Tax increases on low-income working families hit hardest by the economic downturn are on the table in a handful of states, where lawmakers are considering eliminating or reducing their state Earned Income Tax Credits (EITC) as one small “solution” to their large budget shortfalls. The proposal under consideration in Wisconsin is perhaps the most egregious, where governor-elect Scott Walker has also pledged to cut taxes for his state’s wealthiest households and corporations.
In search of reasons to “examine” and potentially cut the credit, Wisconsin lawmakers have begun to voice concerns about the increased cost of their EITC program. But the reason for this increase is obvious: millions of Americans are experiencing reduced work hours and wages, or are without a job at all, as a result of the lingering economic downturn. This means that more families are in need of the additional income assistance the credit provides to help pay for food, housing, transportation, and other necessities. Proposals to cut state EITCs amount to kicking these vulnerable families while they're down.
Furthermore, the federal government recently recognized the hardship these families are facing and decided to expand the benefits of the federal EITC program. Since state EITCs are calculated as a percentage of the federal credit, this translates into a very small increase in the cost of state EITCs. Reducing these state EITCs now would essentially cancel out some of the much needed progress being made on this issue.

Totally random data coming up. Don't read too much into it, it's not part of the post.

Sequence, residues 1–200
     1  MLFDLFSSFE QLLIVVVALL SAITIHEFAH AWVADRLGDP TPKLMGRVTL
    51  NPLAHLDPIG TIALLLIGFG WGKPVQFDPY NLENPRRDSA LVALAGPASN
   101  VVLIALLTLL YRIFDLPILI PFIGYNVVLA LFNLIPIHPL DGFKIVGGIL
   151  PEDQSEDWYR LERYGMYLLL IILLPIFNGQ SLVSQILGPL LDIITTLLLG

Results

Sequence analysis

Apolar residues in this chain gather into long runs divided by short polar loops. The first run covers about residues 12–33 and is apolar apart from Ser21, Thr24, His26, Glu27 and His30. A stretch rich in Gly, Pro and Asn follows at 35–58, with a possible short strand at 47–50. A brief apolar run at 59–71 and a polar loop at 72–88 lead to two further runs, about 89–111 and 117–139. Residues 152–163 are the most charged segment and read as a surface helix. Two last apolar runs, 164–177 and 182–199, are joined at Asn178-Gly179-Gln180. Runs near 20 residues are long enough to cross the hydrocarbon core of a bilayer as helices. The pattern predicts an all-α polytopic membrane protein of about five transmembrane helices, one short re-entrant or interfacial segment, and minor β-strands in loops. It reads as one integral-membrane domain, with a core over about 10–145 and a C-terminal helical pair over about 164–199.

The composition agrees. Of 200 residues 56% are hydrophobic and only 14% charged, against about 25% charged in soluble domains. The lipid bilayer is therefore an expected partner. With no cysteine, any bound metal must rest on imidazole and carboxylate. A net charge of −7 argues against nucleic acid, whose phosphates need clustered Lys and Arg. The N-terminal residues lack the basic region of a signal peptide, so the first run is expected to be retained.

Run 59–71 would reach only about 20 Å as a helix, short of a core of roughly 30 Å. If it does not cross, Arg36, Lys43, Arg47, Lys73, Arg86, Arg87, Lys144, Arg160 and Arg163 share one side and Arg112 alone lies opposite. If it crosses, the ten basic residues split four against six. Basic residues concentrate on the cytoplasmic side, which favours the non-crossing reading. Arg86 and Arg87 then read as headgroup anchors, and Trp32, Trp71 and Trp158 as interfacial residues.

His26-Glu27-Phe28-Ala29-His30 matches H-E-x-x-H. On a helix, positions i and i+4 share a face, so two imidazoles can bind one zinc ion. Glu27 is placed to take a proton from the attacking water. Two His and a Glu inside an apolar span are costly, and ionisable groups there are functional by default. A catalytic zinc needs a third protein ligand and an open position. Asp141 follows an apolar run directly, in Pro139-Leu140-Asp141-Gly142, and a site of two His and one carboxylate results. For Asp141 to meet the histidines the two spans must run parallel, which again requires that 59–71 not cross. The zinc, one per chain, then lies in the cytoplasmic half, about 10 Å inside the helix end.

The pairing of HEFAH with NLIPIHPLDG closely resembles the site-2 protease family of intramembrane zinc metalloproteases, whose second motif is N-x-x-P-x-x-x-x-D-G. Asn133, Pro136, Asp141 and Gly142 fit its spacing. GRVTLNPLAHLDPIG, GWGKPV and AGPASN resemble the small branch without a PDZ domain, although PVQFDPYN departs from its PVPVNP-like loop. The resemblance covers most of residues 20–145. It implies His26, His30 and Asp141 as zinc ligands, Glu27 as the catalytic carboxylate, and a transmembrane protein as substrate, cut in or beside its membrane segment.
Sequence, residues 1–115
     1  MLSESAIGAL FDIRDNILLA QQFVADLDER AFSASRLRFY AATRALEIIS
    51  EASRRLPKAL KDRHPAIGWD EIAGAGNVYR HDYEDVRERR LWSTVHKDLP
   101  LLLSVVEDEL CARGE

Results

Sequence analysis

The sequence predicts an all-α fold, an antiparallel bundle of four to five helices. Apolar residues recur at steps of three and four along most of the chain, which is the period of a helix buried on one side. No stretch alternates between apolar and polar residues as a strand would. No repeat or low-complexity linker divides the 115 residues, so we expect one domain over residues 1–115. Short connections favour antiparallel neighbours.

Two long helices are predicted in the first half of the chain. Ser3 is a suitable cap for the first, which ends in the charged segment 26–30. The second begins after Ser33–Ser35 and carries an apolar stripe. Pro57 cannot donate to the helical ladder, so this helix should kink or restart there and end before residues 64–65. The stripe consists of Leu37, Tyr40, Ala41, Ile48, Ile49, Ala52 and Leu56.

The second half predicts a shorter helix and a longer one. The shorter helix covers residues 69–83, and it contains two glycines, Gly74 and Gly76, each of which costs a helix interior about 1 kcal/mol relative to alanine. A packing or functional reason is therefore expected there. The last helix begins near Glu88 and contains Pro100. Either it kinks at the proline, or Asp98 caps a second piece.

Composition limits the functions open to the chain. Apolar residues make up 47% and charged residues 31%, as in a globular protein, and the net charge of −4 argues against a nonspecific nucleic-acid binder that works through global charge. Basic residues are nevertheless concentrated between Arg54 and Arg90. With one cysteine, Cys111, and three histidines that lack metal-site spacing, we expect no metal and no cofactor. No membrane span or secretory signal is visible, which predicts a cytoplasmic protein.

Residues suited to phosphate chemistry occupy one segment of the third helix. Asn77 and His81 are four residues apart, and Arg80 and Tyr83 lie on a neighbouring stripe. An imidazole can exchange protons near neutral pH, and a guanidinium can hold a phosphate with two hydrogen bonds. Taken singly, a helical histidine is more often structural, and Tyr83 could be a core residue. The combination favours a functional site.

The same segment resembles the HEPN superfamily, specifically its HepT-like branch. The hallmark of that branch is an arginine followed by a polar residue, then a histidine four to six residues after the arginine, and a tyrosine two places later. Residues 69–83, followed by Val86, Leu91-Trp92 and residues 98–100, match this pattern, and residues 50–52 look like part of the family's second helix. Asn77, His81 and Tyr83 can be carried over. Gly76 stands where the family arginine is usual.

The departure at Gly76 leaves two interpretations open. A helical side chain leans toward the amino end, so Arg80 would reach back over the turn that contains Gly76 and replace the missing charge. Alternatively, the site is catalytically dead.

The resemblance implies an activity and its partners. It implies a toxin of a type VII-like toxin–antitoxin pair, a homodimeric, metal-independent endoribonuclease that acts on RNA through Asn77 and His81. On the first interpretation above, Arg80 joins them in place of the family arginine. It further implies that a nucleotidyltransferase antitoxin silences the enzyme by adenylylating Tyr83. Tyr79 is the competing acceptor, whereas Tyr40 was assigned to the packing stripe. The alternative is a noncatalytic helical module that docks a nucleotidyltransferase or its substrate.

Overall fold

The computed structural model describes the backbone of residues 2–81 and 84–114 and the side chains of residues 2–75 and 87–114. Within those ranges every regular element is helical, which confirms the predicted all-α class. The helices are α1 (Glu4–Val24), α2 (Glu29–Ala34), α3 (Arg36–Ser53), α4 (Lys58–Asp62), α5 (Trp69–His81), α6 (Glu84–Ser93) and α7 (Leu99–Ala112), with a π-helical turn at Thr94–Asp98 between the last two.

Unfortunately, state lawmakers will continue to grapple with significant budget dilemmas in 2011 and beyond. But balancing their budgets on the backs of those families hit hardest by the recession should be a nonstarter. When asked about the potential threat to Wisconsin’s EITC, Jon Peacock of the Wisconsin Council on Children said, “We would have to question the priorities of any politicians willing to cut the EITC while refusing to adjust the minimum wage for inflation and insisting on giving tax breaks to the wealthiest households."
State EITCs provide affordable, effective, and targeted assistance to the growing number of individuals and families living in poverty. Rather than eliminating state EITCs, now is exactly the time for states to consider enacting more of these valuable programs, or expanding existing EITCs.